On 30th October 2022, Johnny Agudelo, who served as a mediator in a land dispute in Las Cayenas, Barranquilla, was killed by an individual who entered a meeting of local leaders, asked after Agudelo and shot him. In a separate incident on the same day, armed assailants killed two Afro-Colombian leaders south of Nariño, brothers Jonás Carabalí and Faustino Carabalí. They were advocates of Afro-Colombian collective land rights and had co-founded the Association of Afro-Amazonian Community Councils of the San Miguel Rivers in Nariño.

On the 26th November 2022, trade unionist Nicodemus Luna Mosquera and his nephew were killed in La Guajira. He was a former leader of the Unión Sindical Obrera in Tibú, Norte de Santander and current member of the National Association of Oil Pensioners of Colombia.

On 21st December 2022, activist José Ricaurte Quintero Marín was shot and killed in Armenia, Quindío. He was a leader in the Survivors of Maná Foundation, a human rights group that represents families of victims of forced disappearance.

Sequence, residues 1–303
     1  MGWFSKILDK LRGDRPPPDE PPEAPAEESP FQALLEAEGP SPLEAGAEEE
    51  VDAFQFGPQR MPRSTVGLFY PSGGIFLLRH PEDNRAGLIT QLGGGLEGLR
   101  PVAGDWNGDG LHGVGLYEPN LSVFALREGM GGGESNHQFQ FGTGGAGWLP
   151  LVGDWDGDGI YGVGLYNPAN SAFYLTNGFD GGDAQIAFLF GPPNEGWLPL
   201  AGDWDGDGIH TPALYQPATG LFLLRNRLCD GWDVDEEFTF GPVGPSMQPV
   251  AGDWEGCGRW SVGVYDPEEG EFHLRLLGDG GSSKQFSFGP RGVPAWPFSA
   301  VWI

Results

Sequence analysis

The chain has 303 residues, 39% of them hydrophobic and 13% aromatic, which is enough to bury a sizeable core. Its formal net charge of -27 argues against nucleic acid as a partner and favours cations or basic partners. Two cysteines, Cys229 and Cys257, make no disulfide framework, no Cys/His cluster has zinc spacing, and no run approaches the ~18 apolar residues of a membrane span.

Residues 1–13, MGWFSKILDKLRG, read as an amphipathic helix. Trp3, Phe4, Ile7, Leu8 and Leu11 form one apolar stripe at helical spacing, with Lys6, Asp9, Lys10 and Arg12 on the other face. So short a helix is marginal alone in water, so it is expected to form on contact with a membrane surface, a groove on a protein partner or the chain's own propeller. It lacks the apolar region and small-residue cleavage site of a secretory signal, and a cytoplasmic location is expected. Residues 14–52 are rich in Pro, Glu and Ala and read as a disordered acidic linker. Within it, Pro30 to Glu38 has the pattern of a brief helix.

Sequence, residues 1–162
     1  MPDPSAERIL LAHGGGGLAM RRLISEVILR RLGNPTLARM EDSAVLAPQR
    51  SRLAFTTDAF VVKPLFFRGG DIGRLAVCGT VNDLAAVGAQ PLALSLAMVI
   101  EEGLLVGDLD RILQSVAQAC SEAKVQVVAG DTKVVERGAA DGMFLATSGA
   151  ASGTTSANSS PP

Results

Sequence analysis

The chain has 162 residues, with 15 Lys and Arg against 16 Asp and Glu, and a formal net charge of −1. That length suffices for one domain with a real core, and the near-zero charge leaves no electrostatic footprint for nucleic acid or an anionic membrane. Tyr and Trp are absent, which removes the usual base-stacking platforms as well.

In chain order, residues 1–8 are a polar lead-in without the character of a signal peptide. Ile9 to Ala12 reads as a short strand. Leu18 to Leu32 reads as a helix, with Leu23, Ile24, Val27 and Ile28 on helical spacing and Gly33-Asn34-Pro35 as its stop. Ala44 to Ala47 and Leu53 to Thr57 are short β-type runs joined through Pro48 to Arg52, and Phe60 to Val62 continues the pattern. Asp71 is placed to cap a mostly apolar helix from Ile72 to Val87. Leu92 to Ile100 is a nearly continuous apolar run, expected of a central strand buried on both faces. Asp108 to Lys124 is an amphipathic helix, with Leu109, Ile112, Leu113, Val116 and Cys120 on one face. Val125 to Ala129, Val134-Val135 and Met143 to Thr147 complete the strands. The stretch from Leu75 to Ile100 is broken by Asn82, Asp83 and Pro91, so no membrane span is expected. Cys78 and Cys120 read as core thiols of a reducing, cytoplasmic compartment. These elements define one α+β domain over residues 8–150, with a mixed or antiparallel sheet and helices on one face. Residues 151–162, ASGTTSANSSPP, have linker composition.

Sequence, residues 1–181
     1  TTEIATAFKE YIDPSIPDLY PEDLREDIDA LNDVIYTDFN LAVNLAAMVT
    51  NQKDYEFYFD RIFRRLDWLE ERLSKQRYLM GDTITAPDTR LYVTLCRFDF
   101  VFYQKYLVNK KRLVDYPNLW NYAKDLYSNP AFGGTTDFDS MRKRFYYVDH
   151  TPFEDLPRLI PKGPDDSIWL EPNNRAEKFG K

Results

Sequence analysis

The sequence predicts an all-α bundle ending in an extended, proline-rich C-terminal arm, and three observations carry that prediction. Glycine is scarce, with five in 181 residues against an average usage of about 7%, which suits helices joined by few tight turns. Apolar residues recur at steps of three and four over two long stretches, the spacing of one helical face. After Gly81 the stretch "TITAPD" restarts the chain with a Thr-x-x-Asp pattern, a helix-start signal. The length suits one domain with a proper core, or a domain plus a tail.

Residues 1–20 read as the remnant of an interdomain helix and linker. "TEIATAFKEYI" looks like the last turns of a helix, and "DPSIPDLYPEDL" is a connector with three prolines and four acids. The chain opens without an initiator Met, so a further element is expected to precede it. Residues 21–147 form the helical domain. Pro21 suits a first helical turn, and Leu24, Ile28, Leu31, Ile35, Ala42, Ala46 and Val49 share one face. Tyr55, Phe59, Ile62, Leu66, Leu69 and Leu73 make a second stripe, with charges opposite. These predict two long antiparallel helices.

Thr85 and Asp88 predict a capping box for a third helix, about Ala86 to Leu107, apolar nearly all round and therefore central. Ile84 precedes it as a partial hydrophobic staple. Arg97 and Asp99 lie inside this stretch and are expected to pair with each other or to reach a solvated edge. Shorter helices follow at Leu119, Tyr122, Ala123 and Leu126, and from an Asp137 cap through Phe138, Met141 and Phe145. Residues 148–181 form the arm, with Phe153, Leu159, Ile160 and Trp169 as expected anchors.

Indigenous leaders threatened and attacked

On 8th September 2022, the Organización Nacional Indígena de Colombia (National Indigenous Organisation of Colombia - ONIC) published a statement condemning threats against the life and integrity of Indigenous leaders in Valle del Cauca. The national organisation said leaders of local Indigenous government organisation ORIVAC faced constant threats, and called on the National Protection Unit to adopt emergency procedures due to imminent and exceptional risk, in order to implement effective and efficient measures for the protection of the threatened leaders. ONIC also rejected the presence of armed groups in ancestral territories, the use of explosive devices such as anti-personnel mines in their lands, and the human rights violations against Indigenous peoples.

In a separate but similar development, on 29th October 2022 ONIC expressed solidarity with Aida Marina Quilcué Vivas, who is an Indigenous leader, former human rights advisor at ONIC and currently a senator. Quilcué was attacked while travelling through Tierradentro, Cauca, after attending a meeting with Indigenous authorities in the Caldono municipality. Her vehicle was shot at multiple times by armed individuals on motorbikes. ONIC denounced the attempt on Quilcué’s life, and called on government institutions to take all measures to ensure her life and integrity.